he died a descendant of David, and when he rose—he was still a genetic descendant of David. When he returns to this
earth again, and sits on the throne of David—it will still be as a genetic descendant of David. And this is due
to his physical resurrection from the dead. Verse 30 is very specific on this—according to the flesh, he (God)
would raise up Christ to sit on his (David's) throne.
2 John 7 makes very clear that anyone who denies that the man, Jesus Christ, is returning
in the flesh, is a deceiver and an antichrist.
1 John 4:3-4 goes into even more detail in identifying the spirit of antichrist. Verse
4 clearly states that anyone who denies that Jesus Christ is come is not of God.
The perfect tense, which
verse 4 is written in, is not a present tense, although it does not exclude the present tense. The perfect tense encompasses
all tenses (past present and future) and indicates permanence.
Jesus did not become
the Christ when he was baptized and the Holy Spirit descended and remained upon him. He was born the Christ. The phrase
is come, being framed in the perfect tense, tells us there was never a time in the past that Jesus was not the Christ,
and there will never be a time in the future that he will not be the Christ. Jesus entered this world as, and always will
be, the only Christ (Luke 2:11, 1 John 4:3-4).
Jesus, the only Christ,
was born in the flesh, died in the flesh, rose in the flesh, ascended in the flesh, lives continually (remains perpetually)
in the flesh, and will return in flesh.
**Recap: 1 John 4:3-4 & 2 John :7 tells
us that in order to be of God, we must confess that Jesus was born the Christ (in the flesh), that the only Christ also died
in the flesh, rose in the flesh, exists presently and perpetually in the flesh and most certainly will be returning in
There is… one
mediator between God and man—the man Christ Jesus (1
If anyone teaches eternal
life is possible without the physical resurrection of Christ, they have no scriptural authority to be doing so. They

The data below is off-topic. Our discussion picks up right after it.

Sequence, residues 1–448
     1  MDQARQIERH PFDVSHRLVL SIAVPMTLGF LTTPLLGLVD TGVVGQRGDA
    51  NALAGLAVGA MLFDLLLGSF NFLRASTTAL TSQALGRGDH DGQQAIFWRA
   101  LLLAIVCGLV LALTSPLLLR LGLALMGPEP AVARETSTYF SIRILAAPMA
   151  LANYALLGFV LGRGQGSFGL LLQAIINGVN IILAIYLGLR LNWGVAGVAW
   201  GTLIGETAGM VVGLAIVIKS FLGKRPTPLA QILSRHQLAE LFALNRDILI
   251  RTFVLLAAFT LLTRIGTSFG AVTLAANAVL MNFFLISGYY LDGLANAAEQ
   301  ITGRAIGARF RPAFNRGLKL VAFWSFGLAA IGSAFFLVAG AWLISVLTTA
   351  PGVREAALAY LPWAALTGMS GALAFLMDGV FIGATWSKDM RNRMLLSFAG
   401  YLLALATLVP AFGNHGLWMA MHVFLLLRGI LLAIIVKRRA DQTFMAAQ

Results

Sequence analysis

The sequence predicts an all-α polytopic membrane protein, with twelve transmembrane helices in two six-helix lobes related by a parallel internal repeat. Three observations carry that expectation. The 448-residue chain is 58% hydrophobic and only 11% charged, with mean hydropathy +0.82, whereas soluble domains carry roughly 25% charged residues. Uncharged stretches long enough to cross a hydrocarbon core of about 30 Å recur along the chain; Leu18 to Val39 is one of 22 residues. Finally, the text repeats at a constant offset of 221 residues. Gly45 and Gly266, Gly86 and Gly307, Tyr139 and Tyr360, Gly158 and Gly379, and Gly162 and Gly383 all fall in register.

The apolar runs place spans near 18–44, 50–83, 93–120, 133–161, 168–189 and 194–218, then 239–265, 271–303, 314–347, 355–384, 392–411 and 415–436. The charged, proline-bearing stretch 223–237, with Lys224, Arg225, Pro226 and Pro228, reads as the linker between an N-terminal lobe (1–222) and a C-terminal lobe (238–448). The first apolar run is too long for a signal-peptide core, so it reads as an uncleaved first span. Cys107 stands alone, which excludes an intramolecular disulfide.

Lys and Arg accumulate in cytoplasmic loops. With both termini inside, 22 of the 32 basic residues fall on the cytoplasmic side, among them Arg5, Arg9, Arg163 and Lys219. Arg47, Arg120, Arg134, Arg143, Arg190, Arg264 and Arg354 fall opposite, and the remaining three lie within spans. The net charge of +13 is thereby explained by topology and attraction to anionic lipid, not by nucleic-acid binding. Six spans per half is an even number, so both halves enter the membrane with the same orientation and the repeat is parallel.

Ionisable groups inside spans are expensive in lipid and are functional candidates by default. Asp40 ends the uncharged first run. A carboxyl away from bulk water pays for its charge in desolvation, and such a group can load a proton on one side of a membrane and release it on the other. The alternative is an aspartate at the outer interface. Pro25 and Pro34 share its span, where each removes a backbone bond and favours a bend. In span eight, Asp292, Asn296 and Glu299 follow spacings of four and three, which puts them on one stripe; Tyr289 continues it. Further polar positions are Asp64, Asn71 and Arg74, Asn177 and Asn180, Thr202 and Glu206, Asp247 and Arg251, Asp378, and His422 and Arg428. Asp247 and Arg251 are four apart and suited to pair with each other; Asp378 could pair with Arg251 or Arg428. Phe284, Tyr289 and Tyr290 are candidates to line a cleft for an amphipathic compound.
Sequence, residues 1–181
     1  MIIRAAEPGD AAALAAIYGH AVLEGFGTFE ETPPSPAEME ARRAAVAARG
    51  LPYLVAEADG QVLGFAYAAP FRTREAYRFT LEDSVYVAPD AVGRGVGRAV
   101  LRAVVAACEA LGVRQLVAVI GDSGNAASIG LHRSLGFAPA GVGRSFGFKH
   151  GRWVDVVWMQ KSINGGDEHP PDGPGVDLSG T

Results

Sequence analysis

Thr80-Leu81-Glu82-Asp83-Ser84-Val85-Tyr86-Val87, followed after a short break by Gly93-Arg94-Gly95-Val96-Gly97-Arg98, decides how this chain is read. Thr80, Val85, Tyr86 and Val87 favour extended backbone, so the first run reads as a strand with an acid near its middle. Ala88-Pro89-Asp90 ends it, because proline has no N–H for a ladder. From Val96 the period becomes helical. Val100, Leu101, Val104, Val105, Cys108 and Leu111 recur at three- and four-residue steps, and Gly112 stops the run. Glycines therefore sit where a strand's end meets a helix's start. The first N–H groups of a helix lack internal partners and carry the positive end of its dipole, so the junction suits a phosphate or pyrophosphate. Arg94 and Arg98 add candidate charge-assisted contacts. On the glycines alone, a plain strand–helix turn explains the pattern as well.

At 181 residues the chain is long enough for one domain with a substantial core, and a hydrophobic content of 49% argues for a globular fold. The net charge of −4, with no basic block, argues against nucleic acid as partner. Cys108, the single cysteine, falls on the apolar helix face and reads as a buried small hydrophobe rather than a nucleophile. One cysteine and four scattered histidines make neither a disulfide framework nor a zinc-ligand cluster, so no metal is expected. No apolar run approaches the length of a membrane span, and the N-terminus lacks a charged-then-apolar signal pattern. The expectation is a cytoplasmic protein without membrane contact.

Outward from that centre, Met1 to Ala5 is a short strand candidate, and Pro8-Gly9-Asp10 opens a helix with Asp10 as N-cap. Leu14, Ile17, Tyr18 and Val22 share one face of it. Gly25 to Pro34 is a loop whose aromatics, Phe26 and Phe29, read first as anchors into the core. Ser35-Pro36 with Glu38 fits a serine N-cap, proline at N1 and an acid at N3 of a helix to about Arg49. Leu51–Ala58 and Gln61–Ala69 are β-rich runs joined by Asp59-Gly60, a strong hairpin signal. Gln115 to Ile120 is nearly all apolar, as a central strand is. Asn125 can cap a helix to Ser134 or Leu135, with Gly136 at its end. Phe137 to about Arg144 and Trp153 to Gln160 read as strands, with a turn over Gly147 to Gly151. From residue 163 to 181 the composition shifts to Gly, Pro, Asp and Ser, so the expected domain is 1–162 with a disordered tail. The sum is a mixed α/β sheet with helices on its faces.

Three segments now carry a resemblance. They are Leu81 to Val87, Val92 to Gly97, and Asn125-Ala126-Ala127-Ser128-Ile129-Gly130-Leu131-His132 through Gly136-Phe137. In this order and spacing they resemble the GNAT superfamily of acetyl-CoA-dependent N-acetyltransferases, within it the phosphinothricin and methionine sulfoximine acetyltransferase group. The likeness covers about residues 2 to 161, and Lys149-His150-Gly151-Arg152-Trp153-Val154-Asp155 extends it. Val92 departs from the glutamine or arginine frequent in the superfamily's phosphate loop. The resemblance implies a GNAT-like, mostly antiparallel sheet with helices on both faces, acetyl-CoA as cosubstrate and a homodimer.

are preaching another Jesus and an unauthorized gospel—not at all the same one the apostles preached. The real Jesus
said his authority would be based upon the fact of his physical resurrection (2 Corinthians 11:3-4, Galatians 1:8, John 2:19-22).
What Will Our Resurrected Bodies Be Like?
1 John 3:2 should effectively answer any questions we may have on that subject. When
we are raised, in incorruptible bodies, our bodies will be exactly like Christ’s—for the scriptures say
we shall be like him.
When Thomas saw Jesus
after his resurrection, he still had the wounds from his crucifixion. Jesus’ body could have been raised without scars,
or any other blemish. But it is the opinion of this writer, that he kept his scars as reminders, through-out eternity, of
his boundless love for us, and as proof of his life, death, resurrection and permanent existence as the man Christ
Jesus (John 20:25-27, 1 Timothy 2:5).
- What are the ungodly being destroyed from in 2 Thessalonians 1:9?
- In Ezekiel 28:16 what was the
Covering Cherub destroyed from?
- What does Hebrew 10:1 tell us
about the Mosaic Law?
- According to Luke 2:11 was Jesus
born the Christ or did he become the Christ at some later date?
- According to Galatians 5:4,
what will happen to Christ in our life if we attempt to maintain our salvation through obedience to the law?
- Galatians 3:23 tells us
we were protected under the law until when?
- Did you read the entire book of Galatians?
Are you reading
your Bible daily, always picking up today where you left off yesterday? If not, the book of John is a good place to start.
A King James Bible with no footnotes is recommend.